A Dozen Everests

Published on 29.03.24

Here at Tiny Changes, we’re always blown away by the lengths our fundraisers go to help young minds feel better. A Dozen Everests is an epic fundraising challenge by Mark Bruce. It involves cycling uphill for the ‘height’ of Everest – which is an eye-watering 8864 metres!

Everesting, as it’s known, is an official challenge that people take on each year across the world, with the results logged on an official website. Not content with completing this challenge just once, Mark has decided to complete 12 ‘Everests’ over the next year.

He was the very first person to complete an Everest in the new year (yes!) – and he’s still going. We caught up with Mark to hear about the challenge that lies ahead, why he chose it, and what it all means to him.

To sponsor Mark in his challenge, head to his JustGiving page here.

Read on to find out more…

Q&A with Mark...

Can you explain a little about your challenge and what it all means, for those of us hearing about it for the first time?

An Everest is really simple in theory – you climb one hill, in one ride, without sleep until you reach the vertical height of Mount Everest (8864 metres.) That’s 6.6 ascents of Ben Nevis for anyone that’s given that a go. In 2024, I am going to attempt 12 of them. That’s a lot of climbing. I finished Everest 1 on January 1st – it took 13 hours and required 9000 calories to complete, it sounds quite silly but the eating is one of the most difficult things for me. If anyone has any good carb heavy snacks they are a fan of then please send recommendations my way!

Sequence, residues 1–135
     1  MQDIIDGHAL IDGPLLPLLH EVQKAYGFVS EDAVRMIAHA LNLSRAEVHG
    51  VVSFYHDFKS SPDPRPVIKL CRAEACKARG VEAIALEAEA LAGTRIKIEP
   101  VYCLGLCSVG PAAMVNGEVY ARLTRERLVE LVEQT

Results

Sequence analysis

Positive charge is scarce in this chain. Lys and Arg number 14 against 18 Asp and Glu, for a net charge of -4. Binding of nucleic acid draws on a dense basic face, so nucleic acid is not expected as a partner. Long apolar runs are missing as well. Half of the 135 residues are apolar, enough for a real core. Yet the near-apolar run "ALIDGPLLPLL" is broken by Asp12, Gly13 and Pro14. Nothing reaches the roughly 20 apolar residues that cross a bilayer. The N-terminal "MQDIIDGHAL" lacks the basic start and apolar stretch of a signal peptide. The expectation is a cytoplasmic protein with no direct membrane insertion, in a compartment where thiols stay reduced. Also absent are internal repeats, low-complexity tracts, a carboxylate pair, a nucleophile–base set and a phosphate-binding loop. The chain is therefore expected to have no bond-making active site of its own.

What made you choose this particular challenge and when did it change to becoming A Dozen Everests?

Cycling saved my life, there are no two ways about it. My own mental health has been very poor in years past and cycling has been my way of escaping it. Everesting is one of the hardest things you can do on a bike, it has been compared to running two marathons back to back stress wise on your body and the mental challenge is perhaps the hardest bit. I thought around mid 2023 I wanted to try and accomplish one of them in 2024. I then decided I really wanted to push my mind and body to their limits and try and raise as much awareness as we can of Tiny Changes and the incredible work that they do. So I went for 12, go hard or go home, right?! If we can help one person going through a tough time with their mental health then it is all worth it.

Where will the events be taking place?

So as the weather improves (as much as we can hope in Scotland) I want to start Everesting climbs that mean a lot to my journey with cycling. The Crow Road in the Campsies was a hill I literally could not cycle up a few years ago whilst in the depths of my difficulties. So, to Everest it by climbing it 49 times would be a really cool way to put it to bed and hopefully something that can show people that persistence and the willingness to push through adversity can lead to better days and changed outlooks. You are not alone in your struggles and people are there for you, I am hoping that sharing my story can encourage others to be open too.

You are not alone in your struggles and people are there for you, I am hoping that sharing my story can encourage others to be open too.

You were previously in a touring band for a long time, how do you look back on that time of your life now?